At the top of the hill lives a little dog with a lot of attitude, more than enough attitude for one so small. He’s called Blue, think of him as a cross between Denis the Menace’s Gnasher and Cato from the Pink Panther. Blue’s garden is raised above the pavement so he always has height advantage despite his small stature, he appears barking stridently from between the bushes looking down on any dogs passing by, all teeth and voice, then he shoots round to the next gap in the bushes and does the same.
Blue is 15 years old and still game on for a fight! Some dogs are terrified by these sudden outbursts but Frank has sort of got used to it and barks his deep gruff bark back at Blue. When they both reach the gate Blue is standing on tippy-toes looking through the bars and his teeth are at the same height as Frank’s nose – well what a hullaballoo – enough to wake the dead. You’d think Frank would be frightened but every time we walk past at night he’s looking for Blue, expecting him to appear from between the bushes and if he doesn’t Frank has a definite look of disappointment on his face cos his friend wasn’t out to play, as if to say “where was he?”. If Blue gets out, or falls off the wall in his excitement, he’s all over Frank snapping and yapping acting like a Pit Bull on steroids, Frank just turns his rump to the onslaught then sits down as if to say “OK OK I can hear you...now give over...”.The little fella really is a character. If we can get a bit of video we will cos it’s quite amusing.
All this commotion is over in less than a minute but even in that short time the nearby curtains are twitching. We walk hurriedly on and have a look for the Peregrine, yes it was there last night, this morning too. Exactly 50 Magpies were counted this morning.
The title of today's missive refers to Obsessive Compulsive (Disorder) Gulling but on our early morning Patch 2, yes we got out first thing due to the lack of cloud making it much lighter earlier, there was a distinct lack of gulls to obsessively and compulsively look through. The tide was on the rise and had already covered the beach so there were only a few gulls loafing around close to the wall. Out at sea we had rafts of three and five Great Black Backs and another three flying around. A white dot whanged past in the distance, an auk sp. Six Red Throated Divers were scattered around and a pair and a single Great Crested Grebes floated around in between the loafing gulls. A flock somewhere in the region of 70 Sanderlings (P2 #22) shot past probably going to roost over the tide in the estuary. Another birder/naturalist had seen a couple of Harbour Porpoises from the other end of town yesterday but none were showing down on the Patch this morning.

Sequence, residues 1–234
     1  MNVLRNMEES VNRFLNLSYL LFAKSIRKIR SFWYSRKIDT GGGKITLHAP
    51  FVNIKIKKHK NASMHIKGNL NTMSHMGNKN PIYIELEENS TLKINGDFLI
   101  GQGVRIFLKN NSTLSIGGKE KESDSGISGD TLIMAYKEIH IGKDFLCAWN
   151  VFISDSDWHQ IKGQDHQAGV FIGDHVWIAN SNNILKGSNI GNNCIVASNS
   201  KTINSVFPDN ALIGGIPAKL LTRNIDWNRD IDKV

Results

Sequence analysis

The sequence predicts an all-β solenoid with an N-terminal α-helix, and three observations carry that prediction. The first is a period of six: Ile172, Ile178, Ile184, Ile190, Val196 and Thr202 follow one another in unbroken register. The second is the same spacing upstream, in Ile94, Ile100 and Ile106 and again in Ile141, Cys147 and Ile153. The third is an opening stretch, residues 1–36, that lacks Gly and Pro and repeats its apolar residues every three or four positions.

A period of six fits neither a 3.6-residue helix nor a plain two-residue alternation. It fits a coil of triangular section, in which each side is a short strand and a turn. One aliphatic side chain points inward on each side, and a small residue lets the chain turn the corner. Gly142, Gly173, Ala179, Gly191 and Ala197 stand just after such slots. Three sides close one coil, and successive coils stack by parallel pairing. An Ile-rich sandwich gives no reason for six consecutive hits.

Work commitments sadly prevented a low tide gull fest this lunchtime but we have a mission to complete for some offshore conservation tomorrow so we should be able to have a few minutes trawl through the gulls on the beach. Yep we’re desperate to connect with a Caspo, although we’d certainly be happy enough with a Med or a Yellow Legged Gull...any time soon would do.
Came across this mDNA genetic analysis of the LWHG complex via the Slaty Backed Gull discussion. What a crackin read – took me back 30 something years to my days as an Ecology undergraduate when we briefly looked at evolutionary ecology and speciation; back then there was only one species of ‘Herring Gull’ between here and the moon – how wrong those old field guides were. Took a while to remember (via Google, naturally!) what the difference between allopatry and sympatry is. Notice in the article there is no reference to Thayers, California or Yellow Footed Gulls so where do they fit in to the overall scheme of things...And now Great Black Backed Gull is just a big dark Herring Gull - whatever next? - In the world of LWHGs who knows!!!
Where to next? Just told ya!
In the meantime let us know where the gull fest is in your outback, unless you’re in Australia of course as you only have three to choose from.